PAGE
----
Aims: Our aim was to show that the propagation of the endogenous biopotential may be treated as the passage of electromagnetic wave through the physical medium and explained using a well-known theory for dispersive media. We also aimed at supporting theoretical predictions for such quantities as the wave velocity by direct measurement.
Methods: We derived the formula for the propagation of endogenous electromagnetic waves directly from Maxwell’s laws and a formula for the refractive index widely used in optics. We hypothesized, that the wave propagates through the passive tissue involving all physical mechanisms for material polarization: ionic and non-ionic. In consequence, known data on bioimpedance spectra measurements may be used to estimate the properties of a unipolar ECG wave. Finally, we designed a simple experiment to confirm if the passage of unipolar potential obeys the derived rule.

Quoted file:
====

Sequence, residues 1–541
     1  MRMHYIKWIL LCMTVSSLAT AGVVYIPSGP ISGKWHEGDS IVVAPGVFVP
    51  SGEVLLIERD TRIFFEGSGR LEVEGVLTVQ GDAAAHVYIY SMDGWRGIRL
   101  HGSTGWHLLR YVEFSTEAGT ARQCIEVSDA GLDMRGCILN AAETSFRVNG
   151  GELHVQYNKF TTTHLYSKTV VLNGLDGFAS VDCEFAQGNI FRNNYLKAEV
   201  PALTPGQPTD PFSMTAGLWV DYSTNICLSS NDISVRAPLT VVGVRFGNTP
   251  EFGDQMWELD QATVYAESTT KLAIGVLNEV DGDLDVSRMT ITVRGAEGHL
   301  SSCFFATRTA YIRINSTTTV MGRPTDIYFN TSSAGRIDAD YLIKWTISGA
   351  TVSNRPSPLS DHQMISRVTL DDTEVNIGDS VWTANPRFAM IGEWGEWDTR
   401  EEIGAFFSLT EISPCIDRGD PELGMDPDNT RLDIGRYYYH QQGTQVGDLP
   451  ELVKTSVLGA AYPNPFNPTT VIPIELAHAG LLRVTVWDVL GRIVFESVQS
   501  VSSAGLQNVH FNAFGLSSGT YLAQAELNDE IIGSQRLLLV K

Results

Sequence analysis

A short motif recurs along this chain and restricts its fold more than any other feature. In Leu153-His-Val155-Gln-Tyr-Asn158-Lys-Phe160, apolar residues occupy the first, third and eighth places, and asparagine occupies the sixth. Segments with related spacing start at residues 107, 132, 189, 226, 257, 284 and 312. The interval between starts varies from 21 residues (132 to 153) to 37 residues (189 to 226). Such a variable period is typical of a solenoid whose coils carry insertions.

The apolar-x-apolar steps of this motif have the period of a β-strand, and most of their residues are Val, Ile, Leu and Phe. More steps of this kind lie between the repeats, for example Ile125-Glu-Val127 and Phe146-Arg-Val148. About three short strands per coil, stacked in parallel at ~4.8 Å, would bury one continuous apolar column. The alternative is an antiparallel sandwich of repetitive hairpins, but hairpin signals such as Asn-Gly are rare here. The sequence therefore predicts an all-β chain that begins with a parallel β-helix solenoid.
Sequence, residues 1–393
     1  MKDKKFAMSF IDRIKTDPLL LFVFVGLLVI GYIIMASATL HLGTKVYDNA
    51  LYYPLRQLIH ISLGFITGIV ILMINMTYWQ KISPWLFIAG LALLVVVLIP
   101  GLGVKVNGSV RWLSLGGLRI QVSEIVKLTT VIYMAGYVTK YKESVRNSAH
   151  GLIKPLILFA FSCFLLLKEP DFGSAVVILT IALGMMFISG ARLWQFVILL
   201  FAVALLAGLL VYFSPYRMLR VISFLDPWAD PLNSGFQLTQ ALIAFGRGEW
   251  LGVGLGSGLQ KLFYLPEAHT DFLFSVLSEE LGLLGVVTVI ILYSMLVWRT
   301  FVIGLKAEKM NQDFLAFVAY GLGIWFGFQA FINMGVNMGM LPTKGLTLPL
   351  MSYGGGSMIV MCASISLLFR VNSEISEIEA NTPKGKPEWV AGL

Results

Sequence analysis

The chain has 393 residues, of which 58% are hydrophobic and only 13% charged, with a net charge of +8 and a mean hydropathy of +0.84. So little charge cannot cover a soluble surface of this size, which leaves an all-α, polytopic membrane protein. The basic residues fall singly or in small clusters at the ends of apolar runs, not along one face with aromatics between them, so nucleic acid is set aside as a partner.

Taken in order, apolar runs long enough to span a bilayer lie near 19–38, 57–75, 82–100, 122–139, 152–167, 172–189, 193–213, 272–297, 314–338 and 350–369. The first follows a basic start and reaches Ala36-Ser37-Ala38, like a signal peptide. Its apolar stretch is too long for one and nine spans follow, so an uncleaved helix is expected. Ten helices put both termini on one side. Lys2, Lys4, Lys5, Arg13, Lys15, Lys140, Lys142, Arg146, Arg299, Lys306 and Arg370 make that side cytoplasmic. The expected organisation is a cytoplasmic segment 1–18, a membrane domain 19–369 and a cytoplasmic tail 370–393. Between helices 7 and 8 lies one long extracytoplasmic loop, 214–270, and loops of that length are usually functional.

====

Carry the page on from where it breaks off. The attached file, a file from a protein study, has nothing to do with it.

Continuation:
Results: We were able to confirm by direct measurement that unipolar ECG potential propagation may be described using the formula we obtained. The result remains at an approximation level since we did not decompose the body into individual tissues and the low-frequency part of the bioimpedance spectrum, relevant to ECG frequencies, is poorly documented. We have also discussed the coherence of the unipolar ECG: a unique property well known in laser optics. Due to its coherence, the ECG signal, unlike any other biopotential, can be measured between virtually any two points on the body at a large distance from the source.
Conclusions: We conclude that our results allow to integrate the theory of bioimpedance with the theory of biopotential measurement. This brings an improved interpretation of various biopotential measurements. If a clear relation between passive conductance and the properties of the electromagnetic spectrum is further confirmed, it will unify the description of electrical phenomena within the body with the physical theories.